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It’s Pitchcraft

When you arouse the need in me
My heart says yes indeed in me
Proceed with what you’re leading me to

Contrary to published reports [1], Frank Sinatra does not have a cold. He’s never been healthier. To clarify, I don’t mean the Frank Sinatra, but the closest thing contemporary baseball has to him. This iteration of Sinatra, whose right arm almost never delivers a false note, takes his particular stage every fifth day. Or night. Night and day, he is the one. The range. The phrasing. The elegance. The ability to make every number, from 48 to 1.70, his.

You want more numbers to support this assertion that Jacob deGrom [2] pitches like Frank Sinatra sang? Try a career-high 14 strikeouts in seven innings versus the Marlins on Wednesday night following 10 in six innings the last time he performed. Try 13 scoreless innings in these two starts (both victories) as an apropos encore to the way he ended his 2018 tour [3]. Try 26 consecutive quality starts, tying a major league record that previously belonged solely to a legend named Bob Gibson. Try a 1.55 ERA over those 26 outings. Try 237 strikeouts in 185⅔ innings during this span, versus 34 walks. Try a 1.55 ERA from May 18, 2018, through April 3, 2019. It’s been a very good year.

Every number is Jacob deGrom’s, and music would be nowhere without mathematics, but how about just sitting back and soaking him in? An evening with Jacob deGrom might as well be a night on the town with Frank Sinatra and friends providing the soundtrack. Tony Bennett, Mel Tormé, Sarah Vaughan…Jake is a pitcher straight out of the Great American Songbook [4]. His outings are popular standards that deserve to be relished across consecutive centuries. Tune into WNYC [5] (93.9 FM in New York City) this Saturday night between eight and midnight when Paul Cavalconte digs deep into the Songbook and tell me watching deGrom pitch doesn’t feel like listening to these American masters at the top of their game.

It would be a harsh exercise in self-denial to limit the selections on any Best of deGrom compilation to a single disc. The artist’s output demands a stream of revised editions crammed with bonus tracks. No way would you want to leave out stuff from Cy After Cy: Live at Marlins Park [6]. It’s already a classic of the genre. The aforementioned fourteen K’s were showstoppers, but the general excellence was as breathtaking as it was satisfying. First there were fastballs and sliders — hard sliders. Breaking balls, too. They all worked to near-perfection. Later, Jake mixed in changeups that you didn’t think would be on the setlist, but oh, how they played. It was as if a top-flight starter called himself in from the bullpen to give the opposing team a different look.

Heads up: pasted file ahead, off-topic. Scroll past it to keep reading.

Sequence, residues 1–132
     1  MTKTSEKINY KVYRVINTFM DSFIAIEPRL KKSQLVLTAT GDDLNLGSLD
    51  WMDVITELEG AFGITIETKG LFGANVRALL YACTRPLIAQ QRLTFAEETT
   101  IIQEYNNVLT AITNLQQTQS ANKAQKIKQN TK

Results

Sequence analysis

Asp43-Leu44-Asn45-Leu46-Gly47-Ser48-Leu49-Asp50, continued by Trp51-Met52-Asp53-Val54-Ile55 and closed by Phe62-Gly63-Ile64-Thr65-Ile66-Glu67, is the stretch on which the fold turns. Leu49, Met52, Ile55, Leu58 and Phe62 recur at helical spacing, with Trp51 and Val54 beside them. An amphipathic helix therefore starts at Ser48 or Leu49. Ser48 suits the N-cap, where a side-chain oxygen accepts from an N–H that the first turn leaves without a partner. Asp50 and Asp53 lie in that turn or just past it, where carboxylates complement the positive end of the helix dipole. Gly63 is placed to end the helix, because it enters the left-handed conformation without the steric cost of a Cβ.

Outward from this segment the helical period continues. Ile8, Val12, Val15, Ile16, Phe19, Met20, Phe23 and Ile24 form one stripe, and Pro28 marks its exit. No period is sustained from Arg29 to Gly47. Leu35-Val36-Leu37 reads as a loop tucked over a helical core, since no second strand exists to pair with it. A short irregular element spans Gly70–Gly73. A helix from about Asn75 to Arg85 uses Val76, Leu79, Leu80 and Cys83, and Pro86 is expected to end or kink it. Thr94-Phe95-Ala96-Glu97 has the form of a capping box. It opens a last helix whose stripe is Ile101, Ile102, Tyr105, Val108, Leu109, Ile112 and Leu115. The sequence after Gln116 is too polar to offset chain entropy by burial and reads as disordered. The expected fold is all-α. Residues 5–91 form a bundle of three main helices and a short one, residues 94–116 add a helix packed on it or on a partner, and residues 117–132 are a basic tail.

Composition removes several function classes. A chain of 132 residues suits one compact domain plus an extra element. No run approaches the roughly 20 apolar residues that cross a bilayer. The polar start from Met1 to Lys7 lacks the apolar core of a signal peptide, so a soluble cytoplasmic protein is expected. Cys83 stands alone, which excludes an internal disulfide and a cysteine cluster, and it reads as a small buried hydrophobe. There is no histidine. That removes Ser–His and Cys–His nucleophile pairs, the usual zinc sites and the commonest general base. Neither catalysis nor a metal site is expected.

Whatever the Marlins saw, they couldn’t hit. The only letdown to deGrom’s show was that after 114 pitches, he couldn’t be his opening and closing act; maybe Tom Dreesen [7] could throw the first two innings next time. To be fair, how is anybody supposed to follow Jacob deGrom? Mickey Callaway’s ever curious orchestration of the first-place Mets left an unusually robust 6-0 lead in the hands of Luis Avilán [8], which was fine for the eighth, but not so splendid in the ninth. Avilán and Robert Gsellman [9] conspired to trim the Mets’ advantage to 6-4, necessitating a quick cameo by Edwin Diaz [10] to thankfully convert a save opportunity that minutes earlier seemed absurd. How absurd? More absurd than the idea that one of the six runs scored on deGrom’s behalf occurred because deGrom himself hit a home run.

That wasn’t absurd. That happened in the third inning, via a high fly that soared over the right field fence, traversing a distance balls thrown by deGrom rarely travel. Most nights for most pitchers, the starting pitcher homering would stand as the highlight of the evening. In the context of Jake, this righteous blow against both Trevor Richards and the concept of the universal DH amounted to a pleasant diversion, à la Sinatra going on about ants moving rubber tree plants. Frank came mostly to sing for young lovers in the wee small hours. Jake showed up to set down Marlins.

The best can do it all and do it better than anybody. To paraphrase Dean Martin, it’s Jake’s world, we just live in it.